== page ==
The K8T Neo2-FIR has a bit of a history behind it.  When AMD launches a new processor, it generally ships a kit to the press and other anaysts designed to showcase its new product in the best light.  When the first Socket 939 processors, the Athlon 64 FX-53 and 3800+, arrived in the HotHardware labs, they were accompanied by a prerelease version of the K8T Neo2.  For AMD to choose this board to showcase its new processors, the company must have really liked something about it.  That prerelease board seemed really nice, so we were eager to see what the retail version had to offer, as motherboards tend to only get better with a little age...

      

Specifications Of t=The MSI K8T Neo2-FIR
There's A Reason AMD Likes This Board
CPU
_Supports 64-bit AMD K8 Athlon 64/Athlon 64 FX Processor (Socket 939)
_Supports 64-bit AMD K8 Athlon 64 3500+ and higher CPU
_Supports 64-bit AMD K8 Athlon 64 FX processor FX-53 and up

Chipset
_VIA K8T800 Pro Chipset
_HyperTransport connection to AMD K8 Athlon 64/Athlon 64 FX processor
8 or 16 bit control / address data transfer both directions
_1000/800/600/400/200MHz "Double Data Rate" operation both directions
_AGP v3.0 compliant with 8X transfer mode

VIA VT8237 Chipset
_Ultra DMA 66/100/133 master mode EIDE controller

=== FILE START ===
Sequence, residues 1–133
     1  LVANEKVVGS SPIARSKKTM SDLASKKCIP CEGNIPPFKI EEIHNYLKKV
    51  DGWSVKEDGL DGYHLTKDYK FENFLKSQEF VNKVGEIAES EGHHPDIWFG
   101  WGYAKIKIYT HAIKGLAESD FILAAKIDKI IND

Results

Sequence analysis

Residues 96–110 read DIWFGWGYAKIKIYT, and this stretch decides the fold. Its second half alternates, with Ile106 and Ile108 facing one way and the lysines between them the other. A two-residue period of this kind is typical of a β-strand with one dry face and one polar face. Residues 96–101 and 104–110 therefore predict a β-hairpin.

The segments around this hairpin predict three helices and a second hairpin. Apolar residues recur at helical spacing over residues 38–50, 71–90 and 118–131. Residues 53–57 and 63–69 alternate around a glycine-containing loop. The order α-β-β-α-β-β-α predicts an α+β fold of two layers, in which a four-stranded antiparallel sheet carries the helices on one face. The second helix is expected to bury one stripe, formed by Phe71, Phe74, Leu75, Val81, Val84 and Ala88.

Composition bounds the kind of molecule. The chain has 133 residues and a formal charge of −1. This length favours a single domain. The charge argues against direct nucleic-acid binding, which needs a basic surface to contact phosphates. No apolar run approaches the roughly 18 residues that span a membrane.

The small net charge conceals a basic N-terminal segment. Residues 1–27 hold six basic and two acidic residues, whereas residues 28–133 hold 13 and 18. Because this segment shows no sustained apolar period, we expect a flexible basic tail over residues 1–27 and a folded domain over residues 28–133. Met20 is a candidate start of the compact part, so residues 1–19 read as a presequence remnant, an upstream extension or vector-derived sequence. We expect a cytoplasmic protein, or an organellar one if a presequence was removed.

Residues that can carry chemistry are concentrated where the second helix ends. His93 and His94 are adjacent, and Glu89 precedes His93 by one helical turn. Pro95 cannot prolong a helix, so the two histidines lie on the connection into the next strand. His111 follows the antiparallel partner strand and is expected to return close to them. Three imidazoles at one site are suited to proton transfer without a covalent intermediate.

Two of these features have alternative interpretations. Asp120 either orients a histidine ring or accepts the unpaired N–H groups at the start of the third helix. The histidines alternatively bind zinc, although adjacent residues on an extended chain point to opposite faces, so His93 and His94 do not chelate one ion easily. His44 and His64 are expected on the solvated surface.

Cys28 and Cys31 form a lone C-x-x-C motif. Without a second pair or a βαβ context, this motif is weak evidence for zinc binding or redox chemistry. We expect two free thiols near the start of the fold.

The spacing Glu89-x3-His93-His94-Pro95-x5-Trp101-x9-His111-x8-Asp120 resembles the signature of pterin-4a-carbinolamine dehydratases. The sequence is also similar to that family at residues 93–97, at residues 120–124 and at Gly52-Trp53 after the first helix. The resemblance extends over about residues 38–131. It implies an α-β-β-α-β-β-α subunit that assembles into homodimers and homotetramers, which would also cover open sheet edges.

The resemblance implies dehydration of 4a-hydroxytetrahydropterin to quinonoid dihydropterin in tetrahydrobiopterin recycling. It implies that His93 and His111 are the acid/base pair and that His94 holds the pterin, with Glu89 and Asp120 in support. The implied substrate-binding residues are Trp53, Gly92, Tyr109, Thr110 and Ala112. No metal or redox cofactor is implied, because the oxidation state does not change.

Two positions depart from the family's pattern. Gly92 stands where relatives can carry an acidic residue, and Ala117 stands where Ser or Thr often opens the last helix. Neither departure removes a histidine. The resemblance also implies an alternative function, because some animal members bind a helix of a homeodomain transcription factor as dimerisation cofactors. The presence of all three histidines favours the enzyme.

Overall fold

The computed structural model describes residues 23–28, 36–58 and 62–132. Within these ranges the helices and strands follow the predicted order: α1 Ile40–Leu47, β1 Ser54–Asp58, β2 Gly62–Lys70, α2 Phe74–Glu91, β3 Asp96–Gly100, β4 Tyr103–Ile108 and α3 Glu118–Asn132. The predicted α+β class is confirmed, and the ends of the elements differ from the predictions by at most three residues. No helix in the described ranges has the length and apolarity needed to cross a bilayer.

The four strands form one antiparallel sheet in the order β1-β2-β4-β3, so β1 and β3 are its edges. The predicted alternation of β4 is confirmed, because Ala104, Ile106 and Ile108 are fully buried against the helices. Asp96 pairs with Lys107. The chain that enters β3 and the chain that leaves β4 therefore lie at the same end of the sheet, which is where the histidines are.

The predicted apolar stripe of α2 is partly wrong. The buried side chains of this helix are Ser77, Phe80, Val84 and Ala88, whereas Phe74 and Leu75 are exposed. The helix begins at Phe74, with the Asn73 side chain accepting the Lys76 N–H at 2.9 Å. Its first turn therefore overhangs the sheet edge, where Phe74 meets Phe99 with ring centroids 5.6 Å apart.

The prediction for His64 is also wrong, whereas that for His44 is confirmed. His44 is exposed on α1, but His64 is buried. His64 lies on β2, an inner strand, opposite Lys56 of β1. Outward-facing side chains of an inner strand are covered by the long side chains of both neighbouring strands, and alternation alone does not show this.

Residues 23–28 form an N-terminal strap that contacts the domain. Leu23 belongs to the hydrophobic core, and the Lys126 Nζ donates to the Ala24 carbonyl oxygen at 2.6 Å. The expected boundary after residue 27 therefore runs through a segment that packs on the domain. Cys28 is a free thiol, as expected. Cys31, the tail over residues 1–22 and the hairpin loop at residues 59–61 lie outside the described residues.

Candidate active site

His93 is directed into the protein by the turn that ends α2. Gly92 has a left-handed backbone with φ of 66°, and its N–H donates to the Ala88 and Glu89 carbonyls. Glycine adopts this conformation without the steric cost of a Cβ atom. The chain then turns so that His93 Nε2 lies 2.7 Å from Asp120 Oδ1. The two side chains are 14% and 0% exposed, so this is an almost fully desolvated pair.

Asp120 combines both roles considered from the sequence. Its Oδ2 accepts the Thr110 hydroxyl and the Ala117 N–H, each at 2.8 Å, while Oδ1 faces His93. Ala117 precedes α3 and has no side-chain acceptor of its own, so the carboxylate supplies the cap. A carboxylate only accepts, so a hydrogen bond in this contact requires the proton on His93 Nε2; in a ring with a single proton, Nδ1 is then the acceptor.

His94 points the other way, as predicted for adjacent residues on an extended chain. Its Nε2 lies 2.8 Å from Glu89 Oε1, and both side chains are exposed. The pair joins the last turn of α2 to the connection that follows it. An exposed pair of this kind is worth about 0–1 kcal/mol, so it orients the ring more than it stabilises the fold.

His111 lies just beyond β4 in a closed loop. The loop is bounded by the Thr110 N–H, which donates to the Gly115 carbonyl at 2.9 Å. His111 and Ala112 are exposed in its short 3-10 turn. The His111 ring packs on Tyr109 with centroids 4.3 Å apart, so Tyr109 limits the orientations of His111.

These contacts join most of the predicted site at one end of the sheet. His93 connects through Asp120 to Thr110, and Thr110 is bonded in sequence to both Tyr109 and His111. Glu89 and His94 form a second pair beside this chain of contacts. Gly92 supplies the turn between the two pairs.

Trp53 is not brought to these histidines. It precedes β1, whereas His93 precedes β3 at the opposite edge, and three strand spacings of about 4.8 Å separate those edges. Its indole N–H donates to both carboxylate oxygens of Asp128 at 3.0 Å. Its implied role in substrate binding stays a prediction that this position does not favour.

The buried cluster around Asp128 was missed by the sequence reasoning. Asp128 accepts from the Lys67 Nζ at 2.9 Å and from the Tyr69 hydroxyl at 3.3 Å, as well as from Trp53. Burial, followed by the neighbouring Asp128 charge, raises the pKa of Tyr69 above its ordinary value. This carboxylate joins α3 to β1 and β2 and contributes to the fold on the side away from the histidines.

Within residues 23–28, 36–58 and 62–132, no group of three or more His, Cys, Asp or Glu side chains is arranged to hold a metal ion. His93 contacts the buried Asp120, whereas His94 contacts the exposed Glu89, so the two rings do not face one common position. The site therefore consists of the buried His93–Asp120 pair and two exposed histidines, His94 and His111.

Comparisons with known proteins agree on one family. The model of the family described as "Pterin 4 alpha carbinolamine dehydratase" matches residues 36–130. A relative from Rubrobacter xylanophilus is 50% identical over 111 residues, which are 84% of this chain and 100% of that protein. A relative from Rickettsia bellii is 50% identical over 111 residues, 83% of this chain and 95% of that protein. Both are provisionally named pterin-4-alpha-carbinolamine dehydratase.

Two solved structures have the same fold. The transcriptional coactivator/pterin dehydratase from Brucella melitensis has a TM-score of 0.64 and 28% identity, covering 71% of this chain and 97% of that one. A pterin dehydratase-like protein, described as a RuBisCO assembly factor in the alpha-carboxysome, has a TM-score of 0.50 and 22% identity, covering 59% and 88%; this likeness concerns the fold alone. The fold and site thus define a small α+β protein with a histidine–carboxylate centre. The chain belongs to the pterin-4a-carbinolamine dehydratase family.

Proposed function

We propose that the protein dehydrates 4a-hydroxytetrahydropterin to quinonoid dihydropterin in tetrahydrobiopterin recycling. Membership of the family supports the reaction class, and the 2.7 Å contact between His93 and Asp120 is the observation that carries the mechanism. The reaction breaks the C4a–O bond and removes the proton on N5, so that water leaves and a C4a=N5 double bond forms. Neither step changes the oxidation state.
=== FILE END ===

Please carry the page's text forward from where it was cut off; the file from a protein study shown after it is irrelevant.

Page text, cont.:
_Integrated dual channel native Serial ATA/RAID controller that will supply 150MB/s and support RAID 0, RAID 1
_ACPI & PC2001 compliant enhanced power management
_Supports 8 USB 2.0 ports. (Rear x4/ Front x4)

Main Memory
_Supports four 184-pin DDR SDRAMs up to 4GB memory size
_Supports DDR400*/DDR333/DDR266 DDR SDRAM
*Note: PC3200 (DDR400) - Due to the High Performance Memory design, motherboards or system configurations may or may not operate smoothly at the JEDEC (Joint Electron Device Engineering Council) standard settings (BIOS Default on the motherboard) such as DDR voltage, memory speeds and memory timing. Please confirm and adjust your memory setting in the BIOS accordingly for better system stability.

Slots
_One AGP (Accelerated Graphics Port) 1.5V 4x/8x slot
_Five PCI 2.2 32-bit Master PCI Bus slots. (support 3.3v / 5v PCI bus interface)

Dimension
_30.5 cm(L) x 24.5 cm(W) ATX Form Factor

BIOS
_The mainboard BIOS provides "Plug & Play" BIOS which detects the peripheral devices and expansion cards of the board automatically.
_The mainboard provides a Desktop Management Interface (DMI) function which records your mainboard specifications.